“The doctors felt it was embarrassing and frustrating to stop and show the patient that they were looking something up to make an insurance-driven decision,” says Leonard Fromer, MD, a member of the Prairie Medical Group Board of Directors and a member of the Academy's Commission on Health Care Services (CHCS). “They didn't want to do that in front of the patient. It appeared that the plan dictated the drug when, in fact, the physician still has prescribing choice within each drug class.”

A sample formulary cheat sheet

Reproduced at actual size, here is one side of the formulary pocket card used at Penn State Geisinger Health Group in Hershey, Pa. In addition to indicating each plans' restrictions in nine common drug classes, it provides initial doses and dosage ranges.

Accepted by
Generic (chemical)Formulary drug (brand)Initial doseDose rangePenn State GeisingerH.America, Advanta, H.AssuranceMedical Assist.Health GuardUS HealthCarePace
diphenhydramineBenadryl25mg tid25-50 tidgeneric*nonogeneric*nono
loratadineClaritan10mg qd1 tab bidxxxxxno
loratadine & p. ephClaritan D1 tab bid1 tab bidxxxxxno
amoxicillinAmoxilstd.std.generic*no info.generic*generic*generic*no info.
ciprofloxinCipro250mg bid250-750 bidxxxxxno info.
beclomethasoneVanceril2 inhal. tid2-20/daynoxxnox*no info.
beclomethasoneBeclovent2 inhal. tid2-20/dayx*noxxx*no info.
fluticasoneFlovent88mcg bid44-440mcgxnoxxxno info.
triamcinoloneAzmacort2 inhal. tid2-16/dayxxxnoxno info.
beclomethasoneVancenase AQ-DS1-2/nare bid3 weeksnoxxnoxno info.
beclomethasoneBeconase1/nare bid1/nare bid-tidx*noxx*xno info.
fluticasoneFlonase2/nare qd1-2/nare qdnonoxxnono info.
budesonideRhinocort2/nare bid2-4/nare bidxxxx*xno info.
generic NSAIDSx*xxx*x*generic*
indomethacinIndocin25mg bid25-100mg bidnononoxx*generic*
oxaprozinDaypro600mg qd600-1800 qdxxxxxx
nabumetoneRelafen1000mg qd1-2g qdnoxxnoxx

So the group's UM department developed a laminated card to summarize the common requirements in about 10 drug classes among the group's 22 plans. For each class, the card lists the three or four agents most often included on the formularies. The card is kept inside each doctor's leather prescription-pad holder, so the physicians have the necessary information as they write prescriptions. The cards are updated quarterly to keep the doctors up-to-date with formulary changes.

With each plan issuing revisions every few months, prescribing from the “current” formulary can be quite a challenge. “It's a nightmare that never ends because they change all the time,” says Kerry Swindle, MD, a family physician with Arizona Community Physicians in Tucson, which juggles 15 sets of managed care requirements. “I have the formulary books, but I never use them. Unless the patient needs something exotic, I just prescribe from a core group of drugs that's almost universal across the plans.”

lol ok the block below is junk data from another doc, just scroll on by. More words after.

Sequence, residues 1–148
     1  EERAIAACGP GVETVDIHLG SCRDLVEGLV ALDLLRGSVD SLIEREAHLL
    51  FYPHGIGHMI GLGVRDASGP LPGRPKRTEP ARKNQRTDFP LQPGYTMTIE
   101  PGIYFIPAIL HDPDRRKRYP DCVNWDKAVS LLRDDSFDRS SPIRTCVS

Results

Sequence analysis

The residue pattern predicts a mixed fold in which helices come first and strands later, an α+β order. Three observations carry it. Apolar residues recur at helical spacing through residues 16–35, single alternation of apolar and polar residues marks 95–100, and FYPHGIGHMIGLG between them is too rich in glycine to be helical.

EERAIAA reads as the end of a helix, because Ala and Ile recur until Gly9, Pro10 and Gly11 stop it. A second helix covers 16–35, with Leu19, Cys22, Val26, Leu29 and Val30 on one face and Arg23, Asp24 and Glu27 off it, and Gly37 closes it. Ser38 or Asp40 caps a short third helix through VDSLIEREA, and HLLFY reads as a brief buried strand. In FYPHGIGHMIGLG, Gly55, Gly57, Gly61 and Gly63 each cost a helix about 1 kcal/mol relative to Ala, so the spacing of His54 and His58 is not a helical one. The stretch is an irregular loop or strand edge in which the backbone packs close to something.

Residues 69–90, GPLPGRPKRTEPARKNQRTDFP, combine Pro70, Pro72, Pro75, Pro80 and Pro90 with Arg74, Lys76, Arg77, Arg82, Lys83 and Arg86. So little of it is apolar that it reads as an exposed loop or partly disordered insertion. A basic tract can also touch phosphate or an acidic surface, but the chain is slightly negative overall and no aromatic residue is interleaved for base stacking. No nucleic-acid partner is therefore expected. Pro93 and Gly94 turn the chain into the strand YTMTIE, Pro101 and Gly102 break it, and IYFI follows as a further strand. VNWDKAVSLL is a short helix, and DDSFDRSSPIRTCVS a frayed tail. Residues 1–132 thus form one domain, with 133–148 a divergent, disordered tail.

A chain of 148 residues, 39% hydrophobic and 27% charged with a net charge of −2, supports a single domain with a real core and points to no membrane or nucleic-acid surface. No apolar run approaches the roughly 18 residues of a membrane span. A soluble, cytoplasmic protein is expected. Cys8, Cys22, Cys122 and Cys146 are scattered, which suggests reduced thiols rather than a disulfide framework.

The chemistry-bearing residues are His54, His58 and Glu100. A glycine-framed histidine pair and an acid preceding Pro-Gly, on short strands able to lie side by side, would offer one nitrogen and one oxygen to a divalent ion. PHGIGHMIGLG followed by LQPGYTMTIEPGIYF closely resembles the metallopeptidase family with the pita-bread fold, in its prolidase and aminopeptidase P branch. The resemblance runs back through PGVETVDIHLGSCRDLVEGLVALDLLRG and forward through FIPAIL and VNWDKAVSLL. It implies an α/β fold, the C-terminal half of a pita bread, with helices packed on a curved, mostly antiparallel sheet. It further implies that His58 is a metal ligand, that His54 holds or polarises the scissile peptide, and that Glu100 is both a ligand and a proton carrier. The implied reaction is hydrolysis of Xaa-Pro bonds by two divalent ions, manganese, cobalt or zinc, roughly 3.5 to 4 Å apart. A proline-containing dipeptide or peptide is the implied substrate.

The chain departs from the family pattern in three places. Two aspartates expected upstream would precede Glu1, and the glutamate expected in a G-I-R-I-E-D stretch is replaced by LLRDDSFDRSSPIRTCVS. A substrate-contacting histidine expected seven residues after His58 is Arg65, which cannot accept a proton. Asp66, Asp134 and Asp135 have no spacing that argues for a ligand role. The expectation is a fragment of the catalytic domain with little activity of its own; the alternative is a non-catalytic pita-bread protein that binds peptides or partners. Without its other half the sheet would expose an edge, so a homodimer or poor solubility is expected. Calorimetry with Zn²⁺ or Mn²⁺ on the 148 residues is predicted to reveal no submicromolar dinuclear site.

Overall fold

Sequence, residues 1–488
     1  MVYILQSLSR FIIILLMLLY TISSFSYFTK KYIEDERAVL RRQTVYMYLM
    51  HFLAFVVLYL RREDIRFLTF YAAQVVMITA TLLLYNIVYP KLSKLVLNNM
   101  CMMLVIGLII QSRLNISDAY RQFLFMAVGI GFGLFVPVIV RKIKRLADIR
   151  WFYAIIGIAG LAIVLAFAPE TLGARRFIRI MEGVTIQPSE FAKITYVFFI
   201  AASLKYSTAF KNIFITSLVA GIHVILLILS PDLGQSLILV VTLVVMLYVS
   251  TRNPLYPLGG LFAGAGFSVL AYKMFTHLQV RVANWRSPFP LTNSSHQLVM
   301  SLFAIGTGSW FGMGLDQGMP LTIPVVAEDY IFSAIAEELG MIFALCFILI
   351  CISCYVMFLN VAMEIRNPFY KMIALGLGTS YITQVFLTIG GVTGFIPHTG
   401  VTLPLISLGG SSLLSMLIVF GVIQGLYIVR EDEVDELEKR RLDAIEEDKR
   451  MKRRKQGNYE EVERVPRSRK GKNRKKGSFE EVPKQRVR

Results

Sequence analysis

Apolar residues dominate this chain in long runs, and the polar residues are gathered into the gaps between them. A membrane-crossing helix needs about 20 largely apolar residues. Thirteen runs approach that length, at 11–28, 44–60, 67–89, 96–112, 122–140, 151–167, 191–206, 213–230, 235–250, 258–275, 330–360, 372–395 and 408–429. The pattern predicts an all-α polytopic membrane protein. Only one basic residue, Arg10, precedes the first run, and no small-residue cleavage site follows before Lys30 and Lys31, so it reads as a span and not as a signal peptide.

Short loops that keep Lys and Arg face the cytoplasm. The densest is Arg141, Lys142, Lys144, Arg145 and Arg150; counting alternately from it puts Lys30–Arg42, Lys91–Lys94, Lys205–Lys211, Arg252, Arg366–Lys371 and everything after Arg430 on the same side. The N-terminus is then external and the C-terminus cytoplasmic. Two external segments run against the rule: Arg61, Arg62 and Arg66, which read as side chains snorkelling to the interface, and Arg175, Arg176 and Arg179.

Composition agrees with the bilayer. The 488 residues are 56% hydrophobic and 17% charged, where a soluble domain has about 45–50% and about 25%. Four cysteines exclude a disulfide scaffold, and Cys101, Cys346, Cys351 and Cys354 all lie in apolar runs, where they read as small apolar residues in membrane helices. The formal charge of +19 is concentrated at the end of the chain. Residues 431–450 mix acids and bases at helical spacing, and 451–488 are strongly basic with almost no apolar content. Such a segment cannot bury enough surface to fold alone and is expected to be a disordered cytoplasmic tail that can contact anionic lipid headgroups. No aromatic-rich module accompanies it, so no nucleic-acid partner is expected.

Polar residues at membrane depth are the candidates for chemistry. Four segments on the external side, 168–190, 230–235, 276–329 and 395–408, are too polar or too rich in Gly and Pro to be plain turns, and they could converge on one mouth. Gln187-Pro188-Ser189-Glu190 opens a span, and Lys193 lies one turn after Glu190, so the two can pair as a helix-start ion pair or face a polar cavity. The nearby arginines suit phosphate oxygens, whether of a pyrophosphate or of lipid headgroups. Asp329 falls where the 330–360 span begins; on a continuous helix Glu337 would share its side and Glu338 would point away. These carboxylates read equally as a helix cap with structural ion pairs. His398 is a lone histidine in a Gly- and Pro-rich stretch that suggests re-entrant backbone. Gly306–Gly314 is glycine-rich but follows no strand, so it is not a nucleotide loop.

The most comprehensive way to stay on top of multiple formulary requirements may well be computerization. With a computerized patient record (CPR) system, precise information about any patient's formulary is only a few clicks or keystrokes away.

For example, with the CPR system he created, Thomas C. Rothe, MD, a family physician who also practices in Tucson, Ariz., can simply enter the patient's condition, and the system displays the appropriate medications as well as which of his six formularies include each agent. Because they're online, the formularies can be updated easily — no cheat sheets to reprint.

To help ease the formulary burden for family physicians, the CHCS is researching these hassles and plans to provide best practices in coping with the worst of them, according to commission members Berdi Safford, MD, a family physician with Ferndale Family Medical Center in Ferndale, Wash., and Charles H. Rodgers, MD, a family physician at Columbia Family Clinic in Little Rock, Ark.

The commission also is in the initial stages of developing a set of principles to guide family physicians in formulary negotiations with managed care organizations (MCOs) — principles that may include limits on formulary revisions, limits on the number of drug classes to be included in a formulary and the need for MCOs to educate plan members about how formularies work. The commission hopes that, ultimately, these principles will be issued by the Academy in collaboration with important players in the insurance industry. If that happens, Safford says, “physicians will be able to take these principles to their plans as a formal statement of what their professional organization, in consultation with major insurers, says the standards for formularies should be.”


Formularies are only the tip of the iceberg of care-related hassles. Preauthorization and referral requirements can also mean slow going through the waters of managed care.